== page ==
Volume 11, Issue 4 / 2009 - Management

Accreditation for Ambulatory Facilities Value of International Recognition and Managers Role

Background

Several studies have demonstrated that the role of hospitals is changing; services formerly provided by hospitals are now provided by other kind of facilities, like community healthcare centres or ambulatory settings (also named outpatient clinics, policlinics, poliambulatory); further it is becoming more and more clear that hospitals are not closed systems but that there are connections with healthcare providers before and after hospital care, outside the hospital.

 

Hospitals in Europe are facing many different challenges like ageing populations, changing patterns of diseases, mobile healthcare professionals, new technologies and new financing mechanisms. Some recent trends, like a continuous compression of length of stay, efforts to improve quality of care, greater use of ambulatory care and home care, seem confirmed and destined to continue.

 

On the other hand, the concept of continuity of care is gaining more and more importance; this concept implies the development of policies to counterbalance the tendency towards overspecialisation. Monospecialty healthcare providers (like eye clinics, dialysis centres, endoscopy centres and so forth) may provide very efficient services, but this does not necessarily mean that the whole system will increase its efficiency; questions about patient safety may arise which need to be addressed.

 

Joint Commission International has developed several accreditation programmes covering different settings of care with the main aim of pursuing and recognising quality and continuity of care, safety of patients, and, at the same time, exploiting professional skills and organisation strengths.

 

Amongst JCI accreditation programmes there is a significant overlap with the main goal of integrating different phases of care, leveraging cooperation and integration among different providers, focusing on common areas of risk in addition to facility-specific risks.


Ambulatory Care JCI International Accreditation Programme

It is quite difficult finding a definition of ambulatory care that fits with different healthcare systems, different cultures, social values and resources available. In general it can be said that the word can be used to identify a physical location where clinical services are provided to individuals on an outpatient basis. This kind of facility can be a freestanding organisation, or can be physically embedded in a facility for inpatients (hospitals, long term care facilities). And services provided may vary from basic diagnostic centres to very complex surgery or cardiac catheterisation centres. On the other hand, by outpatient JCI means persons who do not need the level of care associated with the more structured environment of an inpatient or residential programme.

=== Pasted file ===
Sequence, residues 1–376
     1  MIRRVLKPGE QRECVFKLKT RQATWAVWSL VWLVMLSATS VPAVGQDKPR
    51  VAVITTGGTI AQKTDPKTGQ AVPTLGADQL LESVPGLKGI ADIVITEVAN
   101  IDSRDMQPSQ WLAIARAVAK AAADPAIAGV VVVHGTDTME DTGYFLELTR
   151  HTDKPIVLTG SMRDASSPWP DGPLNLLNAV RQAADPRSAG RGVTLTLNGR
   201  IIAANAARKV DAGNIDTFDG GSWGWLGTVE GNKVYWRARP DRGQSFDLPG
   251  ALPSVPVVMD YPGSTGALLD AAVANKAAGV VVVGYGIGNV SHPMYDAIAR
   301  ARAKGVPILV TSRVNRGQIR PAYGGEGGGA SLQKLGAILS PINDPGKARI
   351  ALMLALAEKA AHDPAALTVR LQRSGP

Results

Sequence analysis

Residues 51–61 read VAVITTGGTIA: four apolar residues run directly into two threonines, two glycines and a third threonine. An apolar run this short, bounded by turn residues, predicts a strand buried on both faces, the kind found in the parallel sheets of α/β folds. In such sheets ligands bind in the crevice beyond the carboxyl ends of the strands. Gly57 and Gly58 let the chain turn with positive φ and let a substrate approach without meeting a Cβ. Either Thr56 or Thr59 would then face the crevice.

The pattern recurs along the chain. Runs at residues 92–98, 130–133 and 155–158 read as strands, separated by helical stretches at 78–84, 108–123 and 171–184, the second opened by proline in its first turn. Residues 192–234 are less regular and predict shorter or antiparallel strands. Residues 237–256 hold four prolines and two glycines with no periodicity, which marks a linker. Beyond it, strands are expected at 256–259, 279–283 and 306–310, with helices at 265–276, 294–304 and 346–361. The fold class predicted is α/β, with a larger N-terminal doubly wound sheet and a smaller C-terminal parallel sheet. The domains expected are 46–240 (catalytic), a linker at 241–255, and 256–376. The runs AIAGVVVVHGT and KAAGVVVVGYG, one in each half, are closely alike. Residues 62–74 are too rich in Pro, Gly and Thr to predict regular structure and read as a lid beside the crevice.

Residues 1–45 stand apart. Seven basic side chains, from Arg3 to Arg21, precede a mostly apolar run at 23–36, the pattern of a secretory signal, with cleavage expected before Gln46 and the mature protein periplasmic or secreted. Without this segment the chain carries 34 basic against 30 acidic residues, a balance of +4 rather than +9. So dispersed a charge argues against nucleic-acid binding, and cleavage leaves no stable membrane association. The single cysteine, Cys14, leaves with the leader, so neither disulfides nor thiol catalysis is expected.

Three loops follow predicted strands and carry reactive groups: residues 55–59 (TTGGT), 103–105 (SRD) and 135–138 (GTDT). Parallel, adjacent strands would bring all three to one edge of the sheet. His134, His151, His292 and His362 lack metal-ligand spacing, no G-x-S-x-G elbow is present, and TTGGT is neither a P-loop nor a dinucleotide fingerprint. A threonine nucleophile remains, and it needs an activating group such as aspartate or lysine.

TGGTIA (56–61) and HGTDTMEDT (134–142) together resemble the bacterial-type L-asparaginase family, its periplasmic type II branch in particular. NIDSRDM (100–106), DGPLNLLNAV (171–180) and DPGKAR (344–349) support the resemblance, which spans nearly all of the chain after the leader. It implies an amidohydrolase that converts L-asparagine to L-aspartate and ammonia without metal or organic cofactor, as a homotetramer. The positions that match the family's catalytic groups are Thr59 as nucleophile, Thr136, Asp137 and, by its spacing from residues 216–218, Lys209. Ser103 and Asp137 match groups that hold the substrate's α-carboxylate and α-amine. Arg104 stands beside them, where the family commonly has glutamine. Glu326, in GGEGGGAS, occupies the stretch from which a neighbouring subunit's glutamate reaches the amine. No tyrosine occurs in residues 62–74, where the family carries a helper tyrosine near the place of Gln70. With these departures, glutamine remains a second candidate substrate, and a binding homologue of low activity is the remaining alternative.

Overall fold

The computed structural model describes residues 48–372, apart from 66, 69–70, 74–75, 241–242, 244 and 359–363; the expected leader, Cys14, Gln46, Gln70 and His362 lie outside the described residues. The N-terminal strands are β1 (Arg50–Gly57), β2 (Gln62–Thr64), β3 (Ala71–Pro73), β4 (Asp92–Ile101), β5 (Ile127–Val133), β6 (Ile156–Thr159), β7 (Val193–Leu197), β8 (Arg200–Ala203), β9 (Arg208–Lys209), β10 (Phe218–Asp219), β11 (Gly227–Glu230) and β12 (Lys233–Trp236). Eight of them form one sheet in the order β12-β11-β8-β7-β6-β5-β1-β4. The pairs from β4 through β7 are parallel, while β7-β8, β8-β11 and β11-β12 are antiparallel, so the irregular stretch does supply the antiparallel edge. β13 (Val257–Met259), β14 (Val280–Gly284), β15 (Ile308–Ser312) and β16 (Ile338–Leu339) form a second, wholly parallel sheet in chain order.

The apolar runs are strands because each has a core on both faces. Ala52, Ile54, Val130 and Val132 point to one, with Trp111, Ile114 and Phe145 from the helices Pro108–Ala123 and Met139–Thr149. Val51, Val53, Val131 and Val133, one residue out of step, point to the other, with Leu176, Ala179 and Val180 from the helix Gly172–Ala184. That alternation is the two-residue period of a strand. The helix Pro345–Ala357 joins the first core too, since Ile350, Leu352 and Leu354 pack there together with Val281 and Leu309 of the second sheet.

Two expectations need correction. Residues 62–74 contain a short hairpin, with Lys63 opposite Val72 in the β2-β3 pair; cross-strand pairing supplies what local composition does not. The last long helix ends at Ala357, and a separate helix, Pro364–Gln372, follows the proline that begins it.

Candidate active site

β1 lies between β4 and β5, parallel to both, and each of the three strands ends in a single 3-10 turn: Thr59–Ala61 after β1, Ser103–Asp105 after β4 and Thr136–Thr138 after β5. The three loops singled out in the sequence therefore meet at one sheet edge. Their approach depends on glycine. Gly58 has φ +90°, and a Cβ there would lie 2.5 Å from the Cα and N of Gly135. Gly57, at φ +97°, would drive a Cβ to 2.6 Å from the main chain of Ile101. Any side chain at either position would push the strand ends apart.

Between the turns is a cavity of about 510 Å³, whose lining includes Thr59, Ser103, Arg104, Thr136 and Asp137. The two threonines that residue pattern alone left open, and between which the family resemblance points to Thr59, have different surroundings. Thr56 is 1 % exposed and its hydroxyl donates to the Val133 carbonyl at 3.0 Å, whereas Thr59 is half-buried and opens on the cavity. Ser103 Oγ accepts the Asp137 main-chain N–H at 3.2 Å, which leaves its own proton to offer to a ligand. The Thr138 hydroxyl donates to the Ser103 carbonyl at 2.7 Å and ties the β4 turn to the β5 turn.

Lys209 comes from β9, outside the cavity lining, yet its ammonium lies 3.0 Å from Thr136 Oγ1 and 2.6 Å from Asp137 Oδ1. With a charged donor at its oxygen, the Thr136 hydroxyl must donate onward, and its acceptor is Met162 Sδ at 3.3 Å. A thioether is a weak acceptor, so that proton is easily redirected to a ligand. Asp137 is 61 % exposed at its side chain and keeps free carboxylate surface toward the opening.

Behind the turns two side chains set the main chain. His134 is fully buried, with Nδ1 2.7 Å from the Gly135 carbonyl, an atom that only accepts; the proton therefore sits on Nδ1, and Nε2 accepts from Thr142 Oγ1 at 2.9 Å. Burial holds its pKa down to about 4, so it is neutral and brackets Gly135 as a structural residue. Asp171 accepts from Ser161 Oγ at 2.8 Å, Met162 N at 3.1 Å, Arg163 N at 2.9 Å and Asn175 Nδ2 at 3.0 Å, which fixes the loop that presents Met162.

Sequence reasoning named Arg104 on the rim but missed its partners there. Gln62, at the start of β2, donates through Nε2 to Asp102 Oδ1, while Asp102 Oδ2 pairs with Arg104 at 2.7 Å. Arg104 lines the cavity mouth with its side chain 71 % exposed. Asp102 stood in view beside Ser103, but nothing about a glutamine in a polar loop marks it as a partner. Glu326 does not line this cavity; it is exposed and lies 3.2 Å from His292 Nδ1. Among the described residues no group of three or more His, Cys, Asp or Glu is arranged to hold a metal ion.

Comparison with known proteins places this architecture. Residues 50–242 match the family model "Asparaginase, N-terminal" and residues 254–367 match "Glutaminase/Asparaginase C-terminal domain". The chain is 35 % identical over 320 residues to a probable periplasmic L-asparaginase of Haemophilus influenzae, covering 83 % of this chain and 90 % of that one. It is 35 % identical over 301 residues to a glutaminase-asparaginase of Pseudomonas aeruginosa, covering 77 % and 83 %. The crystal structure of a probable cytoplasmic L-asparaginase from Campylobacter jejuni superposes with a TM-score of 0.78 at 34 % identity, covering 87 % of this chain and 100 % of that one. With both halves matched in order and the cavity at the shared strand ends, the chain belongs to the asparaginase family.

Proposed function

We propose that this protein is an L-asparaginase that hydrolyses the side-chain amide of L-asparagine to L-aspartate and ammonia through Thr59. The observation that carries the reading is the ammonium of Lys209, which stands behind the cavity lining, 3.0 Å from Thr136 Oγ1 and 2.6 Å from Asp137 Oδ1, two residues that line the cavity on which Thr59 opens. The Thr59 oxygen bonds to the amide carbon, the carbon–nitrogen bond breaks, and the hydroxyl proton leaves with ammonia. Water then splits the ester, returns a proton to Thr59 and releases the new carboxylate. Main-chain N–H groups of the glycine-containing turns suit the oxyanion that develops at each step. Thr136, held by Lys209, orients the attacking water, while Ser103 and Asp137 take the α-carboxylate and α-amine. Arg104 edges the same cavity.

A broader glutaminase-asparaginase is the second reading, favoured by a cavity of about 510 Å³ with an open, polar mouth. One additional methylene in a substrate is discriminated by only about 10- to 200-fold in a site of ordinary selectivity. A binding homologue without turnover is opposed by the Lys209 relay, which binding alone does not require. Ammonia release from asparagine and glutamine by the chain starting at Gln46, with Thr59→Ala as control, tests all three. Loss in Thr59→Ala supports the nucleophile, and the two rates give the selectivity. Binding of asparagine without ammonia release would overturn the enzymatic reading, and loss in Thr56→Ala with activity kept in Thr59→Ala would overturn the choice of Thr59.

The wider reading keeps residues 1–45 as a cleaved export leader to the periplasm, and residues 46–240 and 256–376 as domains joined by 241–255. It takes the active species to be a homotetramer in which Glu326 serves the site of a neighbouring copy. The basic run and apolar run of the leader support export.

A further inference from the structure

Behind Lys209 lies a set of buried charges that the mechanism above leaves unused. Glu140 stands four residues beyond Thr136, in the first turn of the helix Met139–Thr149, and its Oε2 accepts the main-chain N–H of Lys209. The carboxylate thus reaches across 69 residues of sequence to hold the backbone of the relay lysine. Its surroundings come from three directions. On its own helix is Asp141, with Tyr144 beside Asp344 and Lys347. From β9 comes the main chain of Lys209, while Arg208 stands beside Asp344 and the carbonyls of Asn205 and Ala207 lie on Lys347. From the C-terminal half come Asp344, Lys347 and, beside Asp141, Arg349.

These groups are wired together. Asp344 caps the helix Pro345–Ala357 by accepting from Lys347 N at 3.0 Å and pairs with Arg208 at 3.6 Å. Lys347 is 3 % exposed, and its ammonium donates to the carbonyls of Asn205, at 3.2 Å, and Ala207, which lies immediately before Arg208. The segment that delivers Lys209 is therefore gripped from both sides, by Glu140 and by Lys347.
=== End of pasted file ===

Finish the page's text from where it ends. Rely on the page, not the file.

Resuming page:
Meaning of Accreditation

Accreditation is a process in which an entity, separate and distinct from the healthcare organisation, usually nongovernmental, assesses the healthcare organisation to determine if it meets a set of requirements (standards) designed to improve the safety and quality of care. Accreditation is usually voluntary. Accreditation standards are usually regarded as optimal and achievable. Accreditation provides a visible commitment by an organisation to improve the safety and quality of patient care, ensure a safe care environment, and continually work to reduce risks to patients and staff. Accreditation has gained worldwide attention as an effective quality evaluation and management tool.


Value of Accreditation

The accreditation process is designed to create a culture of safety and quality within an organisation that strives to continually improve patient care processes and results. In doing so, organisations

Improve public trust that the organisation is concerned for patient safety and the quality of care;

Provide a safe and efficient work environment that contributes to worker satisfaction;

Negotiate with sources of payment for care with data on the quality of care;

Listen to patients and their families, respect their rights, and involve them in the care process as partners;

Create a culture that is open to learning from the timely reporting of adverse events and safety concerns;

Establish collaborative leadership that sets priorities for and ensures continuous leadership for quality and patient safety at all levels, and

Grants recognition from third payers internationally and allows improvement of competitive strategies.


Ambulatory Programme Characteristics

JCI accreditation programmes are based on an international framework of standards adaptable to local needs. The programmes are characterised by:

International consensus standards, developed and maintained by an international task force, and approved by an international Board, are the basis of the accreditation programme;